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Late Jurassic Sedimentation and Tectonics, Main Area Claymore Reservoir, North Sea

By
S. D. Harker
S. D. Harker
Occidental Petroleum (Caledonia) Limited, 1 Claymore Drive, Bridge of Don, Aberdeen AB2 8GB
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C. E. Maher
C. E. Maher
Occidental Petroleum (Caledonia) Limited, 1 Claymore Drive, Bridge of Don, Aberdeen AB2 8GB
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Published:
January 01, 1988

Abstract

Late Jurassic sands constitute the major reservoir of the Claymore oil field, located in U.K. North Sea Block 14/19, 110 miles northeast of Aberdeen. These sands, known as the Main Area Claymore Reservoir (MACR), were deposited during the development of the Witch Ground Graben. This graben is a northwest-trending arm which developed off the central North Sea graben system. The base of the MACR is represented by the Sgiath Formation, a widespread pre-rift unit of Oxfordian paralic sandstones, mudstones, and coals (up to 121 ft thick). This unit marks the onset of Late Jurassic marine transgression over an eroded Triassic surface. Deepening of the Jurassic seaway, following deposition of the Sgiath, resulted in 160± ft of delta-fringe to marine shelf silty mudstones and bioturbated sandstones of the overlying Late Oxfordian-Kimmeridgian Piper Formation. The uppermost unit of the MACR is up to 1630 ft thick and is composed of fine-grained syn-rift turbidite sandstones of the Kimmeridgian to Mid Volgian Claymore Sandstone Member, Kimmeridge Clay Formation. This unit has a net sand ratio in excess of 0.9, though it is characterized by high gamma radiation levels (up to 120 API units), with up to 4% TOC in some of the sandstones. Two informal reservoir subdivisions are recognized: the Low Gamma-Ray Sands (LGRS) and the overlying High Gamma-Ray Sands (HGRS). These are distinguished by their different reservoir characteristics as well as an increase in average gamma radiation levels in the sandstones from 50 to 70 API units. The LGRS constitute the better reservoir unit with thicker bedding (1.5 ft vs 0.5 ft) and higher permeabilities (20-1300 md vs 0.2-400 md). This difference results from a waning of depositional energy levels in response to decreasing tectonic activity and/or a rise in sea level after deposition of the LGRS. The Claymore Sandstone Member is overlain by Mid Volgian to Ryazanian organic-rich siltstones and mudstones of the upper Kimmeridge Clay Formation. These argillites were deposited in a low-energy stratified water column prior to a major episode of Late Cimmerian uplift and erosion that formed the truncated tilted fault block of the Claymore oil field.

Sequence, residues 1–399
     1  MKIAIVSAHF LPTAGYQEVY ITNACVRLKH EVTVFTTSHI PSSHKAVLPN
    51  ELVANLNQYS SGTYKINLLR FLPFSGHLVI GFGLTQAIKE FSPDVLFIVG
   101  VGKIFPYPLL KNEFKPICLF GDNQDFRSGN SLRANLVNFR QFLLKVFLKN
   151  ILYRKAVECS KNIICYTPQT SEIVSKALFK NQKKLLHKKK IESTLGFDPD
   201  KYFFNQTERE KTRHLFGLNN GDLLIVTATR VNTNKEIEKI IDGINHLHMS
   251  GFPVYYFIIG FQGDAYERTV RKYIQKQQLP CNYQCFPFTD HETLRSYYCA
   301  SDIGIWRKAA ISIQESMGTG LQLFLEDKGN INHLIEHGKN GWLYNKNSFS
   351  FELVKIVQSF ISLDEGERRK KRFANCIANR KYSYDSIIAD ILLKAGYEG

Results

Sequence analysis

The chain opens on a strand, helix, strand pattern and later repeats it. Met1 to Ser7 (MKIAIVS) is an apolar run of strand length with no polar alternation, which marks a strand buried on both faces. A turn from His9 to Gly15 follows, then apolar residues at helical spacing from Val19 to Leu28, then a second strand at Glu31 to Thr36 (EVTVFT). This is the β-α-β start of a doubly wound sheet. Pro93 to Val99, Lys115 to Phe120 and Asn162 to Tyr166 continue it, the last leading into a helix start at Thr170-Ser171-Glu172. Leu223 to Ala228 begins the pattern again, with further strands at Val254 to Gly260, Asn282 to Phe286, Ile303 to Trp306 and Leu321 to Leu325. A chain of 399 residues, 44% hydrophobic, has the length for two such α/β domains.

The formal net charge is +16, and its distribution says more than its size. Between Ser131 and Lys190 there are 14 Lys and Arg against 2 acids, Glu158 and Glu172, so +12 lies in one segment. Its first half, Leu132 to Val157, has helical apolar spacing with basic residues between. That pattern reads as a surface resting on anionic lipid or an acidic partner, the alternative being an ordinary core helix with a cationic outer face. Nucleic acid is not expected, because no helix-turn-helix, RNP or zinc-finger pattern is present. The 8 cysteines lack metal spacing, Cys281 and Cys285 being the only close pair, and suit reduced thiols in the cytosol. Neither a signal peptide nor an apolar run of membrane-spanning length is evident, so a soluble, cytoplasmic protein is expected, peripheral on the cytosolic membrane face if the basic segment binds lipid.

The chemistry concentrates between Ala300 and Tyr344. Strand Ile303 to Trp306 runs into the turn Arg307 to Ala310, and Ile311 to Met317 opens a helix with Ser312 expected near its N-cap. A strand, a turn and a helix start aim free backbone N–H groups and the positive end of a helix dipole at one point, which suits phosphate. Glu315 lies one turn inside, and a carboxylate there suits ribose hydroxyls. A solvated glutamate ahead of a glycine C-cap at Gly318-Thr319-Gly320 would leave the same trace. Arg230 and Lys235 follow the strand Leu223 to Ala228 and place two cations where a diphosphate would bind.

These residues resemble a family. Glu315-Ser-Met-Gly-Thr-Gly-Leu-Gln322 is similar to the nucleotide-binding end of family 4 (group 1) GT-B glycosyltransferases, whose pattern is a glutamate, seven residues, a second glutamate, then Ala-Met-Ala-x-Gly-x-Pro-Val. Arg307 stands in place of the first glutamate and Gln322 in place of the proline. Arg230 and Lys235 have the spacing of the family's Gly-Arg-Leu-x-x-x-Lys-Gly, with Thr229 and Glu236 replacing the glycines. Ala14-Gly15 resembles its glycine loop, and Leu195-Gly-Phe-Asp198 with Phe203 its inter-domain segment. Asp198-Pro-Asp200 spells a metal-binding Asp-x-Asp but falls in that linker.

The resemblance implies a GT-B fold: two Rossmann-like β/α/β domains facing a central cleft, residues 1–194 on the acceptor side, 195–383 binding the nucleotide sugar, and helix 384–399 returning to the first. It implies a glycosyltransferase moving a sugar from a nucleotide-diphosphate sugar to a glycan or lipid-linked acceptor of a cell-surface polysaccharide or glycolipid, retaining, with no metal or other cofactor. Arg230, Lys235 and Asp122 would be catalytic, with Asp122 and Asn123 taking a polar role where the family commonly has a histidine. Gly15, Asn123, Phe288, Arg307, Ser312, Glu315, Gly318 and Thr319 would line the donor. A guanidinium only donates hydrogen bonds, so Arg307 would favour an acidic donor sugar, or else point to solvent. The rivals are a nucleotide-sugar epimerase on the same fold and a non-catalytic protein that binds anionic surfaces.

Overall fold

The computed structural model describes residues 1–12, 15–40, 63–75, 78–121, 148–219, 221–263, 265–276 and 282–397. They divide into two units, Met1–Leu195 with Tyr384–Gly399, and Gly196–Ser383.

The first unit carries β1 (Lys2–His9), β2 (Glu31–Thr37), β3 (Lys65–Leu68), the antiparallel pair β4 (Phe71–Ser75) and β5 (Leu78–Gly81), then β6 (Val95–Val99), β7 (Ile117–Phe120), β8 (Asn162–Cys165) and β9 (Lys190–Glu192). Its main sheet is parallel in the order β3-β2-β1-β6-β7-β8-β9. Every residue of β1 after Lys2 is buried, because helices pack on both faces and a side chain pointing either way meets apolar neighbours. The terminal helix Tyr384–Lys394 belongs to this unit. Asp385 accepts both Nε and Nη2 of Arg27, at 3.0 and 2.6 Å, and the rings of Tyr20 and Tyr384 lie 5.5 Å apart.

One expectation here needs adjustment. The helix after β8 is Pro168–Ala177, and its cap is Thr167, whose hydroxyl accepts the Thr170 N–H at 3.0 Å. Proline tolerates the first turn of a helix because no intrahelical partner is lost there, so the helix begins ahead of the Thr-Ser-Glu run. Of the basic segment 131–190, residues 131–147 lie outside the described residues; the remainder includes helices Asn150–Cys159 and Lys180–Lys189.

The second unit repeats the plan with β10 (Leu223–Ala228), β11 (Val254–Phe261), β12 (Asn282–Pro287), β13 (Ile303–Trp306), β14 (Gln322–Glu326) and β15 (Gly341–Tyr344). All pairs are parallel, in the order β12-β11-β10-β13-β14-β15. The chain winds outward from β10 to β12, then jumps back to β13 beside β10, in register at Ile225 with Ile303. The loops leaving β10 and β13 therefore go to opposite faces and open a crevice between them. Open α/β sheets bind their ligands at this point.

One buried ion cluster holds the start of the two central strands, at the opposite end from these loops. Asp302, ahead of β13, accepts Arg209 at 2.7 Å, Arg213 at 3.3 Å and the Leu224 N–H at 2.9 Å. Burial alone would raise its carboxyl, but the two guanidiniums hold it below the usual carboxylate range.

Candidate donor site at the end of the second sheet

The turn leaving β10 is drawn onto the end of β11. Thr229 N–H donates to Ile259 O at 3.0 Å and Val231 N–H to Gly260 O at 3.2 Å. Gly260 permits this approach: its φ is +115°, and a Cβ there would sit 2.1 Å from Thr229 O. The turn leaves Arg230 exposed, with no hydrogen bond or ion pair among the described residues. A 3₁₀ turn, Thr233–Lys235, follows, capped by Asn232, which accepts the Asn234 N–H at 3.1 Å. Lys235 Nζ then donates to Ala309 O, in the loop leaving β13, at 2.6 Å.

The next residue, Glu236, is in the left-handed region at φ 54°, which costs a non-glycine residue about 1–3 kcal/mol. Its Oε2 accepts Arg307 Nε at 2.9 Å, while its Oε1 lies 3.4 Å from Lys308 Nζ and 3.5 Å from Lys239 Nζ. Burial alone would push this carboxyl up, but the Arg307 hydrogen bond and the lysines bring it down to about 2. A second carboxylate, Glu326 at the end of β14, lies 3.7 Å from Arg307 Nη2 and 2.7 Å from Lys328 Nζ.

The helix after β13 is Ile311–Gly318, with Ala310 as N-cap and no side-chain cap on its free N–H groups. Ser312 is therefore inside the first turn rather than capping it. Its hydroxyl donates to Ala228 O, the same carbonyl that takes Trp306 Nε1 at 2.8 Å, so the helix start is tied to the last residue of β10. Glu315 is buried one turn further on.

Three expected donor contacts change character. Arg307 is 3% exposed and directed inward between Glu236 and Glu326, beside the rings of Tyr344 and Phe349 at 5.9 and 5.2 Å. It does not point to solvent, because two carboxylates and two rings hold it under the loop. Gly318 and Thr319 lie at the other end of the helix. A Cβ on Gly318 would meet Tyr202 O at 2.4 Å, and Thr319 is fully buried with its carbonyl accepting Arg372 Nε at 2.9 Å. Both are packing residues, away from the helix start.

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SEPM Core Workshop Notes

Giant Oil and Gas Fields: A Core Workshop

Anthony J. Lomando
Anthony J. Lomando
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Paul M. Harris
Paul M. Harris
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SEPM Society for Sedimentary Geology
Volume
12
ISBN electronic:
9781565761001
Publication date:
January 01, 1988

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